African Americans represent 16% of a total of 6.7 million students ages 3-21 enrolled in public schools served under the Individuals with Disabilities Education Act (IDEA). In the 2015-2016 school year, 37% of African American students received services under IDEA for learning disabilities. Congress passed the first iteration of IDEA in 1975, mandating that all children with disabilities to be accommodated with a free appropriate public education in the least restrictive environment (LRE), and it also ensured states that the Federal Government would provide 40% of the average per-pupil expenditure to help offset the cost of educating eligible student (National Center for Education Statistics, 2018).
Closing the achievement gap is a goal among education policymakers, but the disparity among African American students and White students is still a major concern. between 1992 and 2017, the White-Black gap narrowed in reading from 32 points to 26 points. In grade 8, the gap remained the same in mathematics from 1990 to 2017, with white students scoring 32 points higher than the African American students (National Center for Education Statistics (2018). The results in math achievement were mixed, with a 1-point increase among fourth-graders and a 1-point decrease among eighth-graders in relation to their scores in 2017. Washington D. C. was the only place where students posted gains in three out of four grade-subject combinations (Camera, 2019). The achievement gap not only affects the African American community but the entire nation. Efforts to mitigate the deleterious effects of discrimination and racism directed towards African Americans have not produced the desired results; educational injustices continue to be pervasive in the lives of African Americans. (Matthew, Rodrigue, & Reeves, 2016; W. K. Kellogg Foundation, 2014).
An increasingly important aspect of American life is early childhood education, which serves as a predictor of later school performance as well as career and job opportunities, quality of life, health, economics, and social mobility (Sanders-Phillips et al., 2009). Researchers on early brain development identify the importance of the formative years of early childhood as important in shaping a child’s future cognitive, social, and emotional development as well as physical and mental health (Center on the Developing Child at Harvard University, 2016). Studies on access to early childhood education, parent education, and family life indicate the effectiveness of early childhood education policy initiatives when they concentrate on the family as a whole and include building parental capacity, rather than focusing solely on children’s academic achievement and school readiness (Palm et al., 2018).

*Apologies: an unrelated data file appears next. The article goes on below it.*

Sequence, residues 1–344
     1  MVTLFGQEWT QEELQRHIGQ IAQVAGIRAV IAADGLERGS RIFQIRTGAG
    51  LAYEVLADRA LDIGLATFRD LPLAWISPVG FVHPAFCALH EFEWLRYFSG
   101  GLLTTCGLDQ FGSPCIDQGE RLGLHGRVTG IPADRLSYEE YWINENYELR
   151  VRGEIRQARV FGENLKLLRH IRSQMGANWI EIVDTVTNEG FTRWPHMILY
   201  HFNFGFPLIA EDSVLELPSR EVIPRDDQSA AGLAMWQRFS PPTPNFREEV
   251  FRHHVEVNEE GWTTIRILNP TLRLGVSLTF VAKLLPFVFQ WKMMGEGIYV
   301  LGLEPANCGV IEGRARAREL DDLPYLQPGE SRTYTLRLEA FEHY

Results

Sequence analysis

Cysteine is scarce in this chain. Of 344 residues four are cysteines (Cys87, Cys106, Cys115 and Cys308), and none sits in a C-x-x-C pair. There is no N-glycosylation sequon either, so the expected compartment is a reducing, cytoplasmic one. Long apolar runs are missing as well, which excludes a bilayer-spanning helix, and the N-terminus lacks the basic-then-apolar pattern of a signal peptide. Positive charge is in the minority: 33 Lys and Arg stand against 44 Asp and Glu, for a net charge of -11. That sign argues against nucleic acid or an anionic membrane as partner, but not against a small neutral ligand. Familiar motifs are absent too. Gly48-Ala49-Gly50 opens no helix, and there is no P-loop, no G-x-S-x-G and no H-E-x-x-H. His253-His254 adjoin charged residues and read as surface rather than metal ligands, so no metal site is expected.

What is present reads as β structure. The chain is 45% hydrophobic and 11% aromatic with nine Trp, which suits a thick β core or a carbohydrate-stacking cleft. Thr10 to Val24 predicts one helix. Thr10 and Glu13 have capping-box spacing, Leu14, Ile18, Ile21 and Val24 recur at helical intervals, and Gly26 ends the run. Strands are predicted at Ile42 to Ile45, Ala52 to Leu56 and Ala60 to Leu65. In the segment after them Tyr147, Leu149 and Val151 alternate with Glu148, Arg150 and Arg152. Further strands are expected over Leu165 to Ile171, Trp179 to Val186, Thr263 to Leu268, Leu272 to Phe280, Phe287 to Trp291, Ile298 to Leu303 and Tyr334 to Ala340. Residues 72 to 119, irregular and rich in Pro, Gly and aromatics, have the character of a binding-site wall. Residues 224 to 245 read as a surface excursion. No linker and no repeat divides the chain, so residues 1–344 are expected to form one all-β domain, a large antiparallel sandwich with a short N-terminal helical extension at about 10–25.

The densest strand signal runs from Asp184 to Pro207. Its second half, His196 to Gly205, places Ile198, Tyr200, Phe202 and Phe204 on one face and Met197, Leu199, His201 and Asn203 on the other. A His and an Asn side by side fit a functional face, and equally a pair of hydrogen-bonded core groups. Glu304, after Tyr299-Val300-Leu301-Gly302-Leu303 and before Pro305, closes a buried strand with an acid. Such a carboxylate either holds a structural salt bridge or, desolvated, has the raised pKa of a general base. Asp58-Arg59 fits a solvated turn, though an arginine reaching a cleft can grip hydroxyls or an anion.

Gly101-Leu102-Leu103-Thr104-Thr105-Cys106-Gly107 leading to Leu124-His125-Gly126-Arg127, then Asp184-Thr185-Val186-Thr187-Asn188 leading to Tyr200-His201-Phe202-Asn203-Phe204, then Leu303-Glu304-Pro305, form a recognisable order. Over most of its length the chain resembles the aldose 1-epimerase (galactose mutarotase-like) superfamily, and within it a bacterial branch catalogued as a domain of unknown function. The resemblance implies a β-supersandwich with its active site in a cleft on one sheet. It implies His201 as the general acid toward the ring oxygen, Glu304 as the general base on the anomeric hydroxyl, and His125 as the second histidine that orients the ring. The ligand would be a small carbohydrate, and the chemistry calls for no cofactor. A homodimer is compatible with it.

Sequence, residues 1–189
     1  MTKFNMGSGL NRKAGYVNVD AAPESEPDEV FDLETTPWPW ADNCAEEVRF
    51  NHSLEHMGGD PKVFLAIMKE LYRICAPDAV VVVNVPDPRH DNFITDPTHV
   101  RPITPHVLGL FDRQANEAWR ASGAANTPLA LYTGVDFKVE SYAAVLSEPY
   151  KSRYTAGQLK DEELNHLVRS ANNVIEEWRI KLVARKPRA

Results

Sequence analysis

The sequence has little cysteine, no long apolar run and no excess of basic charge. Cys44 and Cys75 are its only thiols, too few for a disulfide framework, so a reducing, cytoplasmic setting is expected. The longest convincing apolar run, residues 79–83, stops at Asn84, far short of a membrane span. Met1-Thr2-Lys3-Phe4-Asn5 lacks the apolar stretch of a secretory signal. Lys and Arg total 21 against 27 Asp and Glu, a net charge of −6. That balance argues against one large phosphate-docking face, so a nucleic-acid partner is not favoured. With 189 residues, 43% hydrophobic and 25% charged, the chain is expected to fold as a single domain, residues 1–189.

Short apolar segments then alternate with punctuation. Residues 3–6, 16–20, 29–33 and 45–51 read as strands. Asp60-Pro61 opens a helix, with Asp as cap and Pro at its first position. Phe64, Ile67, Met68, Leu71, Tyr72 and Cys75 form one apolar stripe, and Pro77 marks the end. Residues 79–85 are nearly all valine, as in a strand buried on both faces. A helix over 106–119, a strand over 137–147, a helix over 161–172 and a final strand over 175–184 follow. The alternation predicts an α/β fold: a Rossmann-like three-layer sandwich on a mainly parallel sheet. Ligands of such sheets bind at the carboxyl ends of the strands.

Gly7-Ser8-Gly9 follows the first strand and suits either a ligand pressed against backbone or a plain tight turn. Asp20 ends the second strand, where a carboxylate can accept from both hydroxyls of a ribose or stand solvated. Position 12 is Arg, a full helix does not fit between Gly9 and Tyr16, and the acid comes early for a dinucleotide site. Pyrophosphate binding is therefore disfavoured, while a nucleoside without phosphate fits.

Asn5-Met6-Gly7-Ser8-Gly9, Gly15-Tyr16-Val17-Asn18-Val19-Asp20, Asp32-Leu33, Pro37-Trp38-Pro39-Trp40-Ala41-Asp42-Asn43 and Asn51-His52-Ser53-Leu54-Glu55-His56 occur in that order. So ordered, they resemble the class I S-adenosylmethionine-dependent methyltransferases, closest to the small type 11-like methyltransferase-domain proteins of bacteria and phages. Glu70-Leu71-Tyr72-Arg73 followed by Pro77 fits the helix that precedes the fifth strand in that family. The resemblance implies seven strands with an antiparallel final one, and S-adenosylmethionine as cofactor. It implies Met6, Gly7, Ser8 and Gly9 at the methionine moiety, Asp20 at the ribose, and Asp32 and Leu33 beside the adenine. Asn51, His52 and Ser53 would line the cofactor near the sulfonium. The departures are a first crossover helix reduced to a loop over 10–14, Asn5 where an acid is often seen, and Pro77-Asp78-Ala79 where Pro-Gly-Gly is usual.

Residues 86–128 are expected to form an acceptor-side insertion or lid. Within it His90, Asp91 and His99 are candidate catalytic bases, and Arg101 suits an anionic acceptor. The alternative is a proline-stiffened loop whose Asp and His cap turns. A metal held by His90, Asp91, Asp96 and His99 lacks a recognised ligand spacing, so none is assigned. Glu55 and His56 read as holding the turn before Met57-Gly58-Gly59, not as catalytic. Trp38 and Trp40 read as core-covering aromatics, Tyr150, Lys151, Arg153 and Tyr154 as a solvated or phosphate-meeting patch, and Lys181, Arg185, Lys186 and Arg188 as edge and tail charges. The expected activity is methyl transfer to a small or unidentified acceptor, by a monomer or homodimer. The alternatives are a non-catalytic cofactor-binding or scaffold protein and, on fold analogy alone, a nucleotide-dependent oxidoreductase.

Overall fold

In 1966, President Lyndon Johnson’s Great Society initiative funded the Head Start program as part of the War on Poverty. This program was managed by Mississippi Action for Progress to serve children ages 3 – 5. Since public schools refused to allocate space for the Head Start program Newell Chapel C.M.E. Church in Meridian, MS became one of three original locations. This landmark program gave way to studies that indicated how students from low-income families entering kindergarten significantly trail their peers from higher-income families (Weyer & Casares, 2019). Currently, Mississippi’s current graduation rate has reached an all-time high of 83%, just one-point shy of the national graduation rate of 84 percent (Mississippi Department of Education, 2018). Consequently, this raises concerns for parents, schools, students, educators, social workers, and many other professionals.
One of the many factors related to academic success among school children is parental involvement. Parental involvement in education has been identified as an important element of academic achievement for at least 40 years. Parents have certain expectations to meet to ensure that their children receive an adequate education. For the most part, parental involvement includes home-based involvement, school-based involvement, and community-based involvement (Hornby & Rayleen, 2011). Studies on parenting have revealed that parent-child relationships and the family environment are the foundation of children’s future well-being and learning (Palm et al., 2018).
In 2018, African Americans living in nonmetro areas had the highest incidence of poverty at 31.6%. (USDA, 2020). Poverty for African Americans surpasses that of other groups (USDA, 2017). Though the poverty rate for Whites, Hispanics, and Asians families has declined in recent years, for African Americans, it remains steady. 38% of Black children lived below the poverty line in 2015, four times greater than that of White and Asian children (Alter, 2017). Poverty-stricken African American parents spend less time with their children as they struggle to make ends meet. Many barely make enough money to pay their bills while their children, living in segregated and poor neighborhoods, lack resources in the community and schools.
Many schools serving African American students experience segregation as a result of isolated high poverty neighborhoods instead of diverse middle-class ones. Therefore, it is nearly impossible to desegregate schools without desegregating low-income and neighborhoods, which leads to a limitation on the educational policy. In order for any education policy to impact the African American community, the core issues and challenges that affect families, especially those living in poverty, must be addressed (Bowman et al. 2018).
Every Student Succeed Act (ESSA), was the educational policy signed into law by President Barack Obama on December 10, 2015.